AFAIK, the PD-14 is a newer design than the PW1000. When given the resources, the Russians can certainly build aircraft and engines that are on par with the best we have in the west. See the NK-93 if you want an example. Throw in a dabble of western technology that they have almost certainly gleaned from imported aircraft and engines, like the 777-300ERs GE-90, A350s Trent XWP, A320neo's CFM LEAP/PW1000 and the SSJs SaM-146, and there should be little doubt that they could produce something worthwhile and modern.
IMO, the PD-14 will be a slight step behind the PW1000 family in efficiency, but made without US parts and much cheaper to acquire, so not something to be sneezed at.


The current iteration of the PD-14 that has been certified and tested on the IL76LL for the MC-21 is only 3% lower in SFC than the PW GTF certified for the MC-21. The 3% difference comes due to the loss of the combustion chamber provider they had from Ukraine, so they had to go with a slightly less efficient Russian one for the initial version, with the newer combustor I think the difference is less than 1%. Russian metallurgy and materials science is on par or I'd even venture to say slightly higher than the West. There's a reason why their rockets don't blow up every couple of years as happens with everyone elses'. They might lack the funding, but they definitely don't lack the knowledge.


By 3% less did you mean 3% worse?
Because in terms of SFC, the lower the better.

Also, where did you find this data?
 
Wayfarer515
Posts: 797
Joined: Sat Dec 07, 2013 1:56 pm

Re: MC-21 Development Thread

Thu Jul 23, 2020 6:54 pm

Waterbomber2 wrote:
Wayfarer515 wrote:
VSMUT wrote:

A modern and a Russian? So a Russian can't be modern? :scratchchin:

AFAIK, the PD-14 is a newer design than the PW1000. When given the resources, the Russians can certainly build aircraft and engines that are on par with the best we have in the west. See the NK-93 if you want an example. Throw in a dabble of western technology that they have almost certainly gleaned from imported aircraft and engines, like the 777-300ERs GE-90, A350s Trent XWP, A320neo's CFM LEAP/PW1000 and the SSJs SaM-146, and there should be little doubt that they could produce something worthwhile and modern.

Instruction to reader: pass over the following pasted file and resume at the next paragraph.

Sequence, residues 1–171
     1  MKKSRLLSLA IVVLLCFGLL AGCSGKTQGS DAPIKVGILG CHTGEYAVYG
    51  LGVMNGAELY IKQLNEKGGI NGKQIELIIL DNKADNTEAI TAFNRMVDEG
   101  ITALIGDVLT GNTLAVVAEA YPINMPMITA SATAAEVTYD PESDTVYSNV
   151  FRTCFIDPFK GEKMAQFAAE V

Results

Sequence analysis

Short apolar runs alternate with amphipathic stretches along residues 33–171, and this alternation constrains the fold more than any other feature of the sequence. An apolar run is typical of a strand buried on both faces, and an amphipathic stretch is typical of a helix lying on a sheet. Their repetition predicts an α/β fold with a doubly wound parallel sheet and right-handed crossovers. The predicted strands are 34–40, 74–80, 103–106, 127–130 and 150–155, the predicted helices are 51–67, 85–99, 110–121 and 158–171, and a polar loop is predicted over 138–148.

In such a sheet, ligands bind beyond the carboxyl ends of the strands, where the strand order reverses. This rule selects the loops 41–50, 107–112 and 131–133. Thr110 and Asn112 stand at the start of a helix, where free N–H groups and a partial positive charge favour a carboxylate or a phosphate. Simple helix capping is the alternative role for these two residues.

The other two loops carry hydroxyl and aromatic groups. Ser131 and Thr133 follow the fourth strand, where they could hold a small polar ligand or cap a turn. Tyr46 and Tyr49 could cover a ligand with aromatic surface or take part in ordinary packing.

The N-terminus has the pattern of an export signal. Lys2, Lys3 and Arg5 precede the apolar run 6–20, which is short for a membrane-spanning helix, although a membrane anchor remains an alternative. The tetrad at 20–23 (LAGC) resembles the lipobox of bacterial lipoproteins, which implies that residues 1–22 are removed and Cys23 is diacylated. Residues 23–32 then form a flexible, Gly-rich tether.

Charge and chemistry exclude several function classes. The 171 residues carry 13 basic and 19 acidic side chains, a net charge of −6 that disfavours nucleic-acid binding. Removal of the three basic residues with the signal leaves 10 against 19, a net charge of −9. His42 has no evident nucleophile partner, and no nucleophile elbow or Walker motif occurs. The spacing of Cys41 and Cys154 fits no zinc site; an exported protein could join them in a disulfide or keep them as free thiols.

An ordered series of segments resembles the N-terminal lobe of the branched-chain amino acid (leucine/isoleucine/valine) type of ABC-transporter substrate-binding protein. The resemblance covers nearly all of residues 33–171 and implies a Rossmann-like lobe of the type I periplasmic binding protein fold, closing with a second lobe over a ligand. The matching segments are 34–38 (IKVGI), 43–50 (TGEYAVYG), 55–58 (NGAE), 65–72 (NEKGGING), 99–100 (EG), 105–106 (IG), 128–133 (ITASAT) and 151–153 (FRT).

IMO, the PD-14 will be a slight step behind the PW1000 family in efficiency, but made without US parts and much cheaper to acquire, so not something to be sneezed at.


The current iteration of the PD-14 that has been certified and tested on the IL76LL for the MC-21 is only 3% lower in SFC than the PW GTF certified for the MC-21. The 3% difference comes due to the loss of the combustion chamber provider they had from Ukraine, so they had to go with a slightly less efficient Russian one for the initial version, with the newer combustor I think the difference is less than 1%. Russian metallurgy and materials science is on par or I'd even venture to say slightly higher than the West. There's a reason why their rockets don't blow up every couple of years as happens with everyone elses'. They might lack the funding, but they definitely don't lack the knowledge.


By 3% less did you mean 3% worse?
Because in terms of SFC, the lower the better.

Also, where did you find this data?

Sorry, I meant higher, and this information was released by UEC after the completion of the test flights of the Il76LL.
 
Wayfarer515
Posts: 797
Joined: Sat Dec 07, 2013 1:56 pm

Re: MC-21 Development Thread

Thu Jul 23, 2020 6:56 pm

The first flight of the Russian-er MC-21 is nearing It's official designation will be MC-21-310.

https://www.flightglobal.com/air-transp ... 49.article
 
Noshow
Posts: 1512
Joined: Wed Jun 15, 2016 3:20 pm

Re: MC-21 Development Thread

Thu Jul 23, 2020 7:03 pm

I would support it if they could finally call it by it‘s original name in the west as well: MS-21 and not MC please. To them it is MS-21 as well.
 
744SPX
Posts: 220
Joined: Mon Jan 27, 2020 6:20 pm

Re: MC-21 Development Thread

Thu Jul 23, 2020 7:35 pm

The PD-14's bypass ratio is somewhat lower (not sure why) than both the PW and LEAP, so I expect the consumption will be not quite as good. Getting to within 3% would actually be very competitive given the comparative costs.
 
Wayfarer515
Posts: 797
Joined: Sat Dec 07, 2013 1:56 pm

Re: MC-21 Development Thread

Fri Jul 24, 2020 6:38 pm

Where did the chevrons go??

New version:
Image
Image

Initial test version on IL76-LL:

Image

Video of the assembly process:
https://irkutskmedia.ru/news/975123/
 
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lightsaber
Moderator
Posts: 19759
Joined: Wed Jan 19, 2005 10:55 pm

Re: MC-21 Development Thread

Fri Jul 24, 2020 6:57 pm

Wayfarer515 wrote:
Where did the chevrons go??

New version:
Image
Image

Initial test version on IL76-LL:

Image

Video of the assembly process:
https://irkutskmedia.ru/news/975123/